Compared with piezoresistive sensors, pressure sensors based on the contact resistance effect are proven to have higher sensitivity and the ability to detect ultra-low pressure, thus attracting extensive research interest in wearable devices and artificial intelligence systems. However, most studies focus on static or low-frequency pressure detection, and there are few reports on high-frequency dynamic pressure detection. Limited by the viscoelasticity of polymers (necessary materials for traditional vibration sensors), the development of vibration sensors with high frequency response remains a great challenge. Here, we report a graphene aerogel-based vibration sensor with higher sensitivity and wider frequency response range (2 Hz–10 kHz) than both conventional piezoresistive and similar sensors. By modulating the microscopic morphology and mechanical properties, the super-elastic graphene aerogels suitable for vibration sensing have been prepared successfully. Meanwhile, the mechanism of the effect of density on the vibration sensor’s sensitivity is studied in detail. On this basis, the sensitivity, signal fidelity and signal-to-noise ratio of the sensor are further improved by optimizing the structure configuration. The developed sensor exhibits remarkable repeatability, excellent stability, high resolution (0.0039 g) and good linearity (non-linearity error < 0.8%) without hysteresis. As demos, the sensor can not only monitor low-frequency physiological signals and motion of the human body, but also respond to the high-frequency vibrations of rotating machines. In addition, the sensor can also detect static pressure. We expect the vibration sensor to meet a wider range of functional needs in wearable devices, smart robots, and industrial equipment.

Research Article Issue
Highly stretchable pseudocapacitors based on buckled reticulate hybrid electrodes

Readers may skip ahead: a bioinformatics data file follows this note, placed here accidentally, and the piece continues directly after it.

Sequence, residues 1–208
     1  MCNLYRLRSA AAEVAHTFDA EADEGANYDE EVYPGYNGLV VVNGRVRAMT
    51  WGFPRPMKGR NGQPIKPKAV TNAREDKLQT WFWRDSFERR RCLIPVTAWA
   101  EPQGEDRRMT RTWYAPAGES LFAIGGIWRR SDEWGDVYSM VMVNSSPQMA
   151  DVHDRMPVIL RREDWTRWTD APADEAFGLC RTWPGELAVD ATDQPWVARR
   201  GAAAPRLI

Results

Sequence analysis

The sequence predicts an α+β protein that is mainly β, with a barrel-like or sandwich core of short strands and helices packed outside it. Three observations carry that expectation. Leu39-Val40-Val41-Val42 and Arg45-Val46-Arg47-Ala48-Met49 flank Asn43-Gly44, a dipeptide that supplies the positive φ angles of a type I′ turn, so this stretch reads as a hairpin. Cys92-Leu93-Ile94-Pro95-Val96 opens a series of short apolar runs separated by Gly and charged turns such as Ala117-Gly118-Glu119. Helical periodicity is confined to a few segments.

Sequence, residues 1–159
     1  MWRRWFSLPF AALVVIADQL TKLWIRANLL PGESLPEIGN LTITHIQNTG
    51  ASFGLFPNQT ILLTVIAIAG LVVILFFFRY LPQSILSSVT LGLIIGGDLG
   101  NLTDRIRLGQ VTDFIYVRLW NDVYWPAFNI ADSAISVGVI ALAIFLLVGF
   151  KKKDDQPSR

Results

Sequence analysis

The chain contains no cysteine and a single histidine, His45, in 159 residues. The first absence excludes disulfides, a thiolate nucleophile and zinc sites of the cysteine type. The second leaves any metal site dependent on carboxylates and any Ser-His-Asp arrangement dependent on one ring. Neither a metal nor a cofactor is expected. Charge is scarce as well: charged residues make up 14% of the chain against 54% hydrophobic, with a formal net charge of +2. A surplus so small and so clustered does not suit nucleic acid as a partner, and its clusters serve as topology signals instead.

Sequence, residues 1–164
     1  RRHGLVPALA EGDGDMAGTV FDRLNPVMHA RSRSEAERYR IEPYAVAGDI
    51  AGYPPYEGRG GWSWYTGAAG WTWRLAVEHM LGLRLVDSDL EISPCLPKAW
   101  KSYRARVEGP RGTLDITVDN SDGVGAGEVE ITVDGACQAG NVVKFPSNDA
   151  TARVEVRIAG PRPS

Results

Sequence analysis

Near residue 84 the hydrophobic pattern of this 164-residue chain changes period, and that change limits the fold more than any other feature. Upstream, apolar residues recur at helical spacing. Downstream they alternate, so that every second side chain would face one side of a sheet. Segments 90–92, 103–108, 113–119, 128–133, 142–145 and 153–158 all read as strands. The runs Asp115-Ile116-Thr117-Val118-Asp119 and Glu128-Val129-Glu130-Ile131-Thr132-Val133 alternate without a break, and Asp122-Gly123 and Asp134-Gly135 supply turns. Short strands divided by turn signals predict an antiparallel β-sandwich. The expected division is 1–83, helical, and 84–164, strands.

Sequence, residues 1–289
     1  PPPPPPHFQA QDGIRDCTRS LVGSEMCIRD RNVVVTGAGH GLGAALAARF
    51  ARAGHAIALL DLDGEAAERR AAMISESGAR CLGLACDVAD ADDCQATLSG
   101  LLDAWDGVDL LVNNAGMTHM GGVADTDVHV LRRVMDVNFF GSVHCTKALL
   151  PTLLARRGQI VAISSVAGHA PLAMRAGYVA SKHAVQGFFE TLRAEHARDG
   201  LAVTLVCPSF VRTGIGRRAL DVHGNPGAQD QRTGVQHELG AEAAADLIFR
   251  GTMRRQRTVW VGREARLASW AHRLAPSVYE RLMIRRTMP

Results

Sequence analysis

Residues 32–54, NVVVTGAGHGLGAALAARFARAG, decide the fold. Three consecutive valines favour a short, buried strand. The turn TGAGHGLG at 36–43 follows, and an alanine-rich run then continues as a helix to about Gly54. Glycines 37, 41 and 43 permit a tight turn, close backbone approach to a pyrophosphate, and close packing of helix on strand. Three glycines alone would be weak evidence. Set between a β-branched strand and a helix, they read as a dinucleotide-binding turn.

Nano Research 2014, 7 (11): 1680-1690
Published: 28 August 2014
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In order to develop an excellent pseudocapacitor with both high specific capacitance and outstanding stretchability to match with other devices applicable in future wearable and bio-implantable systems, we focus our studies on three vital aspects: Stretchability of hybrid film electrodes, the interface between different components, and the integrated performance in stretchability and electrochemistry of supercapacitors based on single-walled carbon nanotube/polyaniline (SWCNT/PANI) composite films on pre-elongated elastomers. Owing to the moderate porosity, the buckled hybrid film avoids the cracking which occurs in conventional stretchable hybrid electrodes, and both a high specific capacitance of 435 F·g-1 and a high strain tolerance of 140% have been achieved. The good SWCNT/PANI interfacial coupling and the reinforced solid electrolyte penetration structure enable the integrated pseudocapacitors to have stretch-resistant interfaces between different units and maintain a high performance under a stretching of 120% elongation, even after 1, 000 cyclic elongations.